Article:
Almost 700 Plymouth people hunting for smaller homes to beat bedroom tax
MORE than 600 city residents are hunting for smaller houses to avoid being penalised under the Government's new benefits rules.
A crackdown on "under-occupancy" in social housing – the so-called bedroom tax – has created a surge of demand on the Devon Home Choice register.
But a shortage of suitable houses has meant there are 677 tenants waiting to be given a smaller property.
Welfare reforms have seen council tax benefit cut for more than 16,000 Plymouth families. And about 2,000 households face cuts in housing benefit because they are considered to be under-occupying social housing, according to a report from Plymouth City Council.
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In April this year the Government introduced changes to the welfare system which saw all councils cutting the amount of benefits paid.
The main impact has been on people of working age who claim housing or council tax benefit.
Under the new rules 16,024 households in Plymouth have seen on average a reduction in council tax benefit of £4 a week.
Changes to housing benefit, dubbed the bedroom tax, have also seen a cut in support.
A reduction of 14 per cent affects 1,688 households under-occupying their property by one bedroom.
Another 356 households under-occupying their property by two bedrooms or more have their housing benefit cut by 25 per cent.
Residents who are affected can choose to remain with a reduction in housing benefit, or move to a smaller property.
There are currently 5,117 one-bed properties in Plymouth, but with an average of 13 becoming available each week the city cannot plug the gap created by the Government's policy, a council spokeswoman said.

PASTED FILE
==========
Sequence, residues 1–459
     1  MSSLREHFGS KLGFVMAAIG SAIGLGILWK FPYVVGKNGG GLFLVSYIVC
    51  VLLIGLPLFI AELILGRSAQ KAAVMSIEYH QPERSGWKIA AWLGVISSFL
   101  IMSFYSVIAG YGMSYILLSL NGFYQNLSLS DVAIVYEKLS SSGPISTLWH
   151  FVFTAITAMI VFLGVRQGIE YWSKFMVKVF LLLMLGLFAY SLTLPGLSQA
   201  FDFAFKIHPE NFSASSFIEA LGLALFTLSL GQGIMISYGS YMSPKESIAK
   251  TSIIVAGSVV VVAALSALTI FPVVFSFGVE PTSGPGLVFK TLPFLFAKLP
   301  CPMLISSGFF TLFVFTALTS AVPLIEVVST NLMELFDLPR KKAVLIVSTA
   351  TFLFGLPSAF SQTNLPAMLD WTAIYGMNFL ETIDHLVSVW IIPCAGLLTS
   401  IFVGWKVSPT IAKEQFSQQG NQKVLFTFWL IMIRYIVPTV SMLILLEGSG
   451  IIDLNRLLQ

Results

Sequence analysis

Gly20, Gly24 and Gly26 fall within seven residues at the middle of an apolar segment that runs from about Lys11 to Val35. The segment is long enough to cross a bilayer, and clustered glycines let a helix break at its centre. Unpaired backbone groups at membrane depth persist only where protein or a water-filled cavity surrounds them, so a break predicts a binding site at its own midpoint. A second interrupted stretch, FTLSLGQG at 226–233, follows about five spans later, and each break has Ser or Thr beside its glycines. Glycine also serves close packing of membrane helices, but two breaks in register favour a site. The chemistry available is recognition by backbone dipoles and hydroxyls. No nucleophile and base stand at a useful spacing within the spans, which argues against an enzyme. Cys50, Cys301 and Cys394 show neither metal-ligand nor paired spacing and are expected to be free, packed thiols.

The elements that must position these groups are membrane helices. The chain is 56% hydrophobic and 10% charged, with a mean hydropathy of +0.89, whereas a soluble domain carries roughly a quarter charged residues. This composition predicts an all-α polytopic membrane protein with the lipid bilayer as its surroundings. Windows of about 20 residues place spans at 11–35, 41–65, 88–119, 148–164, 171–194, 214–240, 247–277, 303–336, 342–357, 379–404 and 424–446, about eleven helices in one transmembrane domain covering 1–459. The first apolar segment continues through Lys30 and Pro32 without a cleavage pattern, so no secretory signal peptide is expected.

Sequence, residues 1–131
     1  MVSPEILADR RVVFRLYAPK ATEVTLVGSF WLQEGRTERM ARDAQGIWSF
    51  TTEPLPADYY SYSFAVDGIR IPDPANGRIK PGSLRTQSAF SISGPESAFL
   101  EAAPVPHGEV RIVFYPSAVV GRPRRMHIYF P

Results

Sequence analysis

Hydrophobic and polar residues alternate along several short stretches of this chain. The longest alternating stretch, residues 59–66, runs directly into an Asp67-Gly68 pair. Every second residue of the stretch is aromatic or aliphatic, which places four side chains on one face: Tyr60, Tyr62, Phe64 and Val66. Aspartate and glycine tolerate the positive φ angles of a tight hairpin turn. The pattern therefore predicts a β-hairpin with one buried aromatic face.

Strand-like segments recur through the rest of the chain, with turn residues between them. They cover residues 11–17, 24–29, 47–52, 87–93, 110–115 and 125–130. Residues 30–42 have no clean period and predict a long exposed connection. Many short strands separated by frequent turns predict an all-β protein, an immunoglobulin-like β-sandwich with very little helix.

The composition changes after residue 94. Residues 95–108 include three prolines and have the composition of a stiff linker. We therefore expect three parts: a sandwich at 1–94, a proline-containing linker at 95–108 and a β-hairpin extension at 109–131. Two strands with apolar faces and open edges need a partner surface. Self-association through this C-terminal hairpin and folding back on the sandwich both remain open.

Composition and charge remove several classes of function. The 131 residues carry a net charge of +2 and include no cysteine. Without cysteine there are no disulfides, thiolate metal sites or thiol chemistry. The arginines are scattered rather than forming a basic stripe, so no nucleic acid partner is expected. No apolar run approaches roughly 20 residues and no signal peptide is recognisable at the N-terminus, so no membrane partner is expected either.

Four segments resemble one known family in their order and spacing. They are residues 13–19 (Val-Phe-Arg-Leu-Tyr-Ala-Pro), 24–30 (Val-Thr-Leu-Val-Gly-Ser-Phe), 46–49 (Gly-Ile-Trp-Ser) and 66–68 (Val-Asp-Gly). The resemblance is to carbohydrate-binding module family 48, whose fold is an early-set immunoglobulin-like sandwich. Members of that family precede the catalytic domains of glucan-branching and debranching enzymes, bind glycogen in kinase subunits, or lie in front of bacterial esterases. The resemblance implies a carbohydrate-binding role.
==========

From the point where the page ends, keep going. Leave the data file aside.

A third reform puts a cap on the total amount of benefit working age claimants can receive. This will see 130 households having their benefits reduced by up to £150 a week.
Cllr Chris Penberthy, the Cabinet member for co-operatives and community development, said: "It has already been three months since the changes have been implemented and there are many individuals and families struggling to cope."
The council is now planning to host events aimed at those claiming carers and disability allowances.
Council departments have seen an increase in customer enquiries since the changes came into effect.
Contact to the housing options team increased by 84 per cent between April and July compared with the same period in 2012.
Cllr Mark Lowry, the Cabinet member for finance, said: "It's pretty obvious that these forced changes are having a damaging effect on people's lives and we are doing everything we can to help support them."
"We will also be encouraging housing developers to create more smaller-sized properties so that we can meet the demand our city requires."
Drake councillor Steve Ricketts, the Conservative spokesman on communities, said: "We have one of the greatest welfare systems in the world and will always look after people in need.
"But the huge welfare budget has to be reduced. We need to ensure that getting a job is the best way forward for the family."
He said social housing was there to help people, and those living in homes that were too big needed to downsize, use the rooms or expect to pay more.
"There are thousands of people in Plymouth who need homes.
"If it's your own property you can do what you want, but if it's a council house you have got to be looking to help other people."